In pressure vessel and pipe inspection, ultrasonic nondestructive evaluation plays a pivotal role in both in-situ and laboratory examinations. Scanning acoustic microscopy (SAM) has been a well-recognized laboratory tool for both visualization and quantitative evaluation of pressure vessel and piping materials at the microscale since its invention in 1974. While there have been multiple advances in SAM over the past four decades, some issues still remain to be addressed. First, the measurement speed is limited by the mechanical movement of the acoustic lens and the sample stage. Second, a single-element transducer with an acoustic lens forms a predetermined beam pattern for a fixed focal length and incident angle, thereby limiting control of the inspection beam. Here, we propose to develop a phased-array probe as an alternative to overcome these issues. Preliminary studies to design a practical high-frequency phased-array acoustic microscope probe were explored. A linear phased-array, comprising 32 elements and operating at 5 MHz, was modeled using PZFlex, a finite element method software. This phased-array system was characterized in terms of electrical input impedance response, pulse-echo and impulse response, surface displacement profiles, mode shapes, and beam profiles. Details of the construction of the model and the results are presented in this paper. Development of a phased-array acoustic microscope probe will significantly enhance scanning acoustic microscopy techniques for detecting surface and subsurface defects and microstructural changes in laboratory samples of pressure vessel and piping materials.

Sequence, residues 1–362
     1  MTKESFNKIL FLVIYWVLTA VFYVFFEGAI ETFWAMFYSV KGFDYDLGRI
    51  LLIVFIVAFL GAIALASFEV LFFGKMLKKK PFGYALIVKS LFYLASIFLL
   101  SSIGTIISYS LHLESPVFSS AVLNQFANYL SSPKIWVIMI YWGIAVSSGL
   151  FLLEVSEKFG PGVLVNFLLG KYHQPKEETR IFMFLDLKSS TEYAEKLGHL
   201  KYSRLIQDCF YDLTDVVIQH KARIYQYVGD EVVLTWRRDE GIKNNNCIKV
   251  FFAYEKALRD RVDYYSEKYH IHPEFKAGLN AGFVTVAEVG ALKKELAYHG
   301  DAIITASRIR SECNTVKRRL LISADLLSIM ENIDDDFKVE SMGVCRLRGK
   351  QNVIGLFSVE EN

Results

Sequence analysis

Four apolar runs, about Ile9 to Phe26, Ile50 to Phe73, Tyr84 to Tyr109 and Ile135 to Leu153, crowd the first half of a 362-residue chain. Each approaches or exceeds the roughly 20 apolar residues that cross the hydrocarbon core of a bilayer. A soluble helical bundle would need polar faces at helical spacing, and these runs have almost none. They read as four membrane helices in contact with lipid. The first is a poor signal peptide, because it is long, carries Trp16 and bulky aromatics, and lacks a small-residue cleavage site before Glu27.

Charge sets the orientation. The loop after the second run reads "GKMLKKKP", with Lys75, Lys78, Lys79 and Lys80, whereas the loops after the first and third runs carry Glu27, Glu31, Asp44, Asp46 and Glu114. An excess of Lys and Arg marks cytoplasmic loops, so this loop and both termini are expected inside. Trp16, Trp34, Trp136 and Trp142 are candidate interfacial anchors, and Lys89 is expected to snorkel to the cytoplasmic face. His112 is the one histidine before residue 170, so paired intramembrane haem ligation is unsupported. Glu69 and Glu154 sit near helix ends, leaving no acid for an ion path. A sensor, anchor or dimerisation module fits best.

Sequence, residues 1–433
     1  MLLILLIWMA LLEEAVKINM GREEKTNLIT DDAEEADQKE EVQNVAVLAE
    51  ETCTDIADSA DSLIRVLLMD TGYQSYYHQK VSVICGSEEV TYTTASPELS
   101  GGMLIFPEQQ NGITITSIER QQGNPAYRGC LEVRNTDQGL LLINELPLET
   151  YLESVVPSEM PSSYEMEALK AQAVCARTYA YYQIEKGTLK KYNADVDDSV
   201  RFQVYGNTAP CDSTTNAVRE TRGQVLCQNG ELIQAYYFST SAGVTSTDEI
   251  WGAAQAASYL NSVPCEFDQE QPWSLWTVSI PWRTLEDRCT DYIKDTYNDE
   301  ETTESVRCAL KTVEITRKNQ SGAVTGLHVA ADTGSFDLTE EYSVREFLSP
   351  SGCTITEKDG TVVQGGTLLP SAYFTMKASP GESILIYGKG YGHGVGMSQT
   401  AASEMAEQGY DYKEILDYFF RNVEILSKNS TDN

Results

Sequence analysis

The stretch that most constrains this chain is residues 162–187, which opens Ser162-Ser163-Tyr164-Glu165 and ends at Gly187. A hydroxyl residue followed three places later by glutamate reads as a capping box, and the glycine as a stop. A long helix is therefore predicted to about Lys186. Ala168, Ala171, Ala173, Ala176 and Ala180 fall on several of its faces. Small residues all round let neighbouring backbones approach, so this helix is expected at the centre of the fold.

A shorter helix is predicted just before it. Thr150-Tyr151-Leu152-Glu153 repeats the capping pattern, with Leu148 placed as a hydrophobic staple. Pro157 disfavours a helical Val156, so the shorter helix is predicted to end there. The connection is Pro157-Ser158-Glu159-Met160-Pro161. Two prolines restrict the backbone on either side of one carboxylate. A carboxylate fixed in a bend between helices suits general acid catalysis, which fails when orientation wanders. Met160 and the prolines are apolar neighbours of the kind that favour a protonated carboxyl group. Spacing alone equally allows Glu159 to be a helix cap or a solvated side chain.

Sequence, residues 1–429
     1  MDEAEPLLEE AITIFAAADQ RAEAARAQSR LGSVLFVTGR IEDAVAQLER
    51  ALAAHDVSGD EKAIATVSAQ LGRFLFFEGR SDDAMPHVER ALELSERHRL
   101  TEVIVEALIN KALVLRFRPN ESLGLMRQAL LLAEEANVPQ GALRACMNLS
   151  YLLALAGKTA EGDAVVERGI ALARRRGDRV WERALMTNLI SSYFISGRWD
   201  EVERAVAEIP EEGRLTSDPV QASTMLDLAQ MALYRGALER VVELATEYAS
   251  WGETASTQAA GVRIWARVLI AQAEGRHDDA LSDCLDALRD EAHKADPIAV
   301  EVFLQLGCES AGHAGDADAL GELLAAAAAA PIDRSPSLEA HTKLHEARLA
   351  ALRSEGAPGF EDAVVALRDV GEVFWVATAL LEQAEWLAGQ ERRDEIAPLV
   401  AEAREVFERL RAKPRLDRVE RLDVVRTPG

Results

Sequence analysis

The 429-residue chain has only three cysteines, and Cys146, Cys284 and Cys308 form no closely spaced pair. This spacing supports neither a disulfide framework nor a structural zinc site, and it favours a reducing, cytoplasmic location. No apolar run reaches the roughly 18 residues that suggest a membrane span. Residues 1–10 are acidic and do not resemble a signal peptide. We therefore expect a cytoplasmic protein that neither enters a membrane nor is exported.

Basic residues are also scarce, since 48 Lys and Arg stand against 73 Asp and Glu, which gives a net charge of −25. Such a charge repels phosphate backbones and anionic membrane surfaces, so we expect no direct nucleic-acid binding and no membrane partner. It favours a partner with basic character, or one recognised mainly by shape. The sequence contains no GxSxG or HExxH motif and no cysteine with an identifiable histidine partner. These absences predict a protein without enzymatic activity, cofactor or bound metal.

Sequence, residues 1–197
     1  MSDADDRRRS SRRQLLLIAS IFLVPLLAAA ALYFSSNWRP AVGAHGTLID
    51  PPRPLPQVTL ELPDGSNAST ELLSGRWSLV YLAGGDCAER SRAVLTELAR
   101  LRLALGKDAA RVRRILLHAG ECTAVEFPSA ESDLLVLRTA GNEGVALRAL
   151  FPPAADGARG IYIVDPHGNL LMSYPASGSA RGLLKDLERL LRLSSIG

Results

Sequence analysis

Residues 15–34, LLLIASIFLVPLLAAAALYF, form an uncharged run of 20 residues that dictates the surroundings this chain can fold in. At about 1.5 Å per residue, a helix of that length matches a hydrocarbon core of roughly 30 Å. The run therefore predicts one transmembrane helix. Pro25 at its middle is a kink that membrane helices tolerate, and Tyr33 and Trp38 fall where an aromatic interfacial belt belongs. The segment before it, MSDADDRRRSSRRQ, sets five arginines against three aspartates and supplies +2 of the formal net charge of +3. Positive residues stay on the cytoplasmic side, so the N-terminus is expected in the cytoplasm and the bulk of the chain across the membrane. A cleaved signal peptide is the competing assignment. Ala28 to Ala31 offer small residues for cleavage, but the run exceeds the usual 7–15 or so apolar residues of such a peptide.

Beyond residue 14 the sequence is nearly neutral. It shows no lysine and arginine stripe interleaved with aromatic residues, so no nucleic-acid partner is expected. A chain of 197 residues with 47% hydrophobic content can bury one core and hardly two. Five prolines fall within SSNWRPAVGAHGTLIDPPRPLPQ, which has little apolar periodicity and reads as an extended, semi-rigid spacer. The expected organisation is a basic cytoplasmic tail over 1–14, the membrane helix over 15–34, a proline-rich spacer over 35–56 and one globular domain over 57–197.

|Original language||English (US)|
|Journal||Journal of Pressure Vessel Technology, Transactions of the ASME|
|State||Published - Aug 1 2018|
All Science Journal Classification (ASJC) codes
- Safety, Risk, Reliability and Quality
- Mechanics of Materials
- Mechanical Engineering